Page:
It is the prerogative, in fact the duty, of a president of a scientific society to break precedents, at the certain risk of provocation of society members. Utilization of the exploration geologist as a decision maker and representative of industry in the development of natural resources has led some geologists who search the earth’s crust for enormously valuable fossil fuels and minerals to downgrade themselves as scientists. Because profit is involved, some academic colleagues and administrators assume that our application of geology is an impure utilization of pure scientific principles.

Industrial administrators, clients, and geologists themselves have noted that obsolescence comes quickly to anyone whose scientific work becomes routine rather than an exciting adventure in continuous learning. To break this insidious syndrome of security, the exploration scientist must fight apathy, lethargy, and inertia. At every turn, it is the geologist with pride in his work who must reestablish the fact that he is a true scientist first, a professional second, and a dedicated member of his scientific associations third.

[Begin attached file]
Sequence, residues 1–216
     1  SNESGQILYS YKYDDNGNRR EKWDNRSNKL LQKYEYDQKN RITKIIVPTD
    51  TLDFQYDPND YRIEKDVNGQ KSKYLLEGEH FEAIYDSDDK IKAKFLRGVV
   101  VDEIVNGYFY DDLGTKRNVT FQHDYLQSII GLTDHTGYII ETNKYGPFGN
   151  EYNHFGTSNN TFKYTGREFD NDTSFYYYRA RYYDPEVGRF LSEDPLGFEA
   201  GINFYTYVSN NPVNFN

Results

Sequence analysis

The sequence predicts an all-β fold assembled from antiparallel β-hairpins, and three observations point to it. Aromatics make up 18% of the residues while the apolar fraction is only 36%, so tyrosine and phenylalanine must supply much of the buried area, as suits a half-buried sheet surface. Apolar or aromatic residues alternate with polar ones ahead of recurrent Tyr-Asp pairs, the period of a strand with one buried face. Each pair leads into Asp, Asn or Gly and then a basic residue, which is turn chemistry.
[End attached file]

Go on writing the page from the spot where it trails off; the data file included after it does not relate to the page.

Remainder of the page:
The American Association of Petroleum Geologists, classed as a learned professional society, is also a business league made up of scientists. As such, all petroleum geologists and geophysicists can be willfully provocative, must break hampering precedents, and should assume their rightful prerogatives as pure scientists. We are neither professional sinners nor philosophical saints, but if we allow the development of professional unionism within our Association, our value as scientific, economic, and political decision makers in the search for, discovery, and production of our natural resources will be greatly impaired. Personal pride in profession is the outstanding characteristic of excellence among scientists. Are geologists scientists? I say emphatically, Yes!

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